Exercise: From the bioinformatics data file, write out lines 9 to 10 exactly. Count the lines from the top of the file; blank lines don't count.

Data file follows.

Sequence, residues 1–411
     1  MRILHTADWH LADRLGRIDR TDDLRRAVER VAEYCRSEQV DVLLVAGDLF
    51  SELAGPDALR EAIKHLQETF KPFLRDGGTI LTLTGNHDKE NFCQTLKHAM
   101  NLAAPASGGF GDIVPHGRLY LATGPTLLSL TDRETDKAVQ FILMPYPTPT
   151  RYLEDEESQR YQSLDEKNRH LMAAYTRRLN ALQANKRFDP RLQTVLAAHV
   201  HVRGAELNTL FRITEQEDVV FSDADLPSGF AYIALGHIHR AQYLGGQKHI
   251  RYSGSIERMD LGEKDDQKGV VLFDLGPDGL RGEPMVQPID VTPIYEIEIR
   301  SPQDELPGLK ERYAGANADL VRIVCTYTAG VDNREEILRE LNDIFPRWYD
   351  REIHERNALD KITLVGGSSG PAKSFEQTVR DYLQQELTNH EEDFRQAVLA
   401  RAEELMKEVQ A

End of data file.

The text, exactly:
   351  REIHERNALD KITLVGGSSG PAKSFEQTVR DYLQQELTNH EEDFRQAVLA
   401  RAEELMKEVQ A